Business of all kinds is conducted in Varanasi's narrow lanes. Spices, fruit, vegetables, religious items and clothing are available here as well as kitsch tourist souvenirs. Countless stalls offer chai (several cups of which I managed to consume each day) whilst others sell paan. Paan is a preparation that combines the betel leaf with the areca nut which is then chewed for its stimulant effects before being spat out or swallowed. When spat out it leaves deep red, stains wherever it lands. There are numerous variations of paan some of which add tobacco. Some vendors claim positive health effects for paan.  A character in Rohinto Mistry's novel Such A Long Journey sells paan that can address any or all of your problems. However the World Health organisation advises that consumption, with or without tobacco, increases the risk of oral cancer. Despite this its use is widespread in much of Asia and it is easy to purchase.

Varanasi is known for its many sadhus, Hindu men (and occasionally women) who live a life of asceticism having renounced worldly things. They are easily identified with their simple clothing which often includes saffron coloured robes and spiritual markings on their face and body. Committed to a life of spiritual discipline, meditation and self-denial some of them will give blessings and carry out rituals or other religious services for a fee. The sadhus pictured below were collecting alms and sitting on a platform on which various boarding houses were advertised. As if to demonstrate the visual delights of the city, they sat just a few steps away from a paan seller and a group of women enjoying a cooling yoghurt drink after a hard morning in the bazaar.

In Kolkata I made an early morning visit to an akhadi, a traditional exercise centre, to see kushti wrestlers practising their skills, lifting weights and performing gymnastics. It was a dark morning and the pictures I came away with were a little disappointing due to my poor low light photography skills. All was not lost as I had scheduled a similar visit in Varanasi.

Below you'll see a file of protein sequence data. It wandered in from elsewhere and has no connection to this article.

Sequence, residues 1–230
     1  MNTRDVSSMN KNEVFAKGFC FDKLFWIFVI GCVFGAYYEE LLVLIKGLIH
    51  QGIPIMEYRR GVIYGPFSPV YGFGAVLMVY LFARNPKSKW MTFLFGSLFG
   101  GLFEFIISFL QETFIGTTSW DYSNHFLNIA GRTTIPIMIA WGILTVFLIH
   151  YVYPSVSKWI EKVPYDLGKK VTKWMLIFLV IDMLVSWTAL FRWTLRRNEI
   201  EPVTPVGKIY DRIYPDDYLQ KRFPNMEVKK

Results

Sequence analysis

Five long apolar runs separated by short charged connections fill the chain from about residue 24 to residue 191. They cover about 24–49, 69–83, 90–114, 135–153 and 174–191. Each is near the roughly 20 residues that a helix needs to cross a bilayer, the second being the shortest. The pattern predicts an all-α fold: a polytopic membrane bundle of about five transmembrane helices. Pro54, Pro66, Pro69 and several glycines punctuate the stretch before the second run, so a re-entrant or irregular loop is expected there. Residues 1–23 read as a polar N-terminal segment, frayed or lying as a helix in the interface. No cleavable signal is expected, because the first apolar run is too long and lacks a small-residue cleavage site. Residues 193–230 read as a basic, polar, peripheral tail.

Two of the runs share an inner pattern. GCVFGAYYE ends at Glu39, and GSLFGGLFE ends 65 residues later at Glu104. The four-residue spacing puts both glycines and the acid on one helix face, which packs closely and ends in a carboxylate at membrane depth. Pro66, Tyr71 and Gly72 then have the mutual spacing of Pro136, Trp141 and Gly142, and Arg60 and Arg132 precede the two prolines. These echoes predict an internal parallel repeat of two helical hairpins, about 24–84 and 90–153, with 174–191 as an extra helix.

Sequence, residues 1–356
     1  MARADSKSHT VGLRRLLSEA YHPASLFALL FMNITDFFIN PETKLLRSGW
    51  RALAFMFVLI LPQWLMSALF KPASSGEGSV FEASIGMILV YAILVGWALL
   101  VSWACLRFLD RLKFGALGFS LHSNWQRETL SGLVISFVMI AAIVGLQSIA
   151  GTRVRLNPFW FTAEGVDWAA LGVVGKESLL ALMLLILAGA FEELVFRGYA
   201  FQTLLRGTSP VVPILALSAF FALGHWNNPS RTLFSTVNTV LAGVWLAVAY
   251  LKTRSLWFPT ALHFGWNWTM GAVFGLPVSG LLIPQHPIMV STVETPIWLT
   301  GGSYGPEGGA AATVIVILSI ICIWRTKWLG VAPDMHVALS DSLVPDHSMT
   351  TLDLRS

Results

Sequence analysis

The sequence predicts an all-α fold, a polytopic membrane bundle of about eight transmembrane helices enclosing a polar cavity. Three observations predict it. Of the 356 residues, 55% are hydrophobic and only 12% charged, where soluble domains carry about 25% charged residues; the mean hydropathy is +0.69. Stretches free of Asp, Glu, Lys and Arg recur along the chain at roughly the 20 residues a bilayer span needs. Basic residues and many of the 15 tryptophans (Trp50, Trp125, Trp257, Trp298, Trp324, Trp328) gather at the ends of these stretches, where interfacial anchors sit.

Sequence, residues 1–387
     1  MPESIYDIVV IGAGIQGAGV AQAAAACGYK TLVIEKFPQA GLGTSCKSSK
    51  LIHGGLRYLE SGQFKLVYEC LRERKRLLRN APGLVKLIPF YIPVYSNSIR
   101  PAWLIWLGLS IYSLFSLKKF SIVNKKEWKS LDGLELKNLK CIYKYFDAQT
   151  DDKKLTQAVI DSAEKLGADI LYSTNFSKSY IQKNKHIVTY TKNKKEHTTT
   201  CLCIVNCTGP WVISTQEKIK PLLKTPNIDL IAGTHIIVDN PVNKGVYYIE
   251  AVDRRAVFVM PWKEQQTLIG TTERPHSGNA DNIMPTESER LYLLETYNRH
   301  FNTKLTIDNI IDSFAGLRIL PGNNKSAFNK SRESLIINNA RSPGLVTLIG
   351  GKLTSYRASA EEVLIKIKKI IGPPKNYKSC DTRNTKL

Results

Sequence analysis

The Tulsi Akhada is located beside the Tulsi Ghat on the banks of the Ganges. I arrived at around 6.30 a.m. to find some of its members already exercising or preparing to take part in kushti. Over the course of an hour, perhaps 20 men of varying age arrived to make use of both traditional and modern strength building equipment and to participate in wrestling. There is evidence that these facilities are dying out as younger men in particular prefer to exercise in a modern gymnasium which is sad given their long tradition. These traditions include a strong spiritual dimension. The Tulsi Akhadi has a tiny Hanuman shrine and every morning a ritual is undertaken before the kushti begins. Wrestling is an important and popular sport in India and one in which the country has won several medals internationally. Many champions have been discovered through the akhadi system and its supporters hope that renewed interest in the sport will help ensure its preservation. 

Back on the lanes, the Trivedi brothers saw me before I saw them. They waved to me from the open window of their animal foodstuffs shop and invited me in to sit with them for a while. Their family has been running this business for three generations but has lived in the city for much longer. They were very proud to tell me that one of their brothers is a doctor and that another works in government. They also wanted to know about me and my life in London. When I rose to leave, a cow was standing at the door refusing to budge and making it impossible for me to exit. One of the brothers saved the day by climbing over it and enticing it away with a bowl of animal feed before joining the other brother at the window to wave goodbye. It is always nice when hosts don't want you to leave but this was something new for me.

There are delights and surprises hidden around every corner here. In close proximity to a shop-house with hand painted figures on the exterior, a goat passed nonchalantly underneath someone's washing line. And a few minutes further on I turned into a narrow alley where I came across a beautiful haveli. The external walls were decorated with paintings of dancers, aristocrats being carried by elephants, and other figures whilst a stunning arched entrance was surrounded with floral motifs. This building would not have looked out of place amongst the beautiful havelis of Churu, Rajasthan.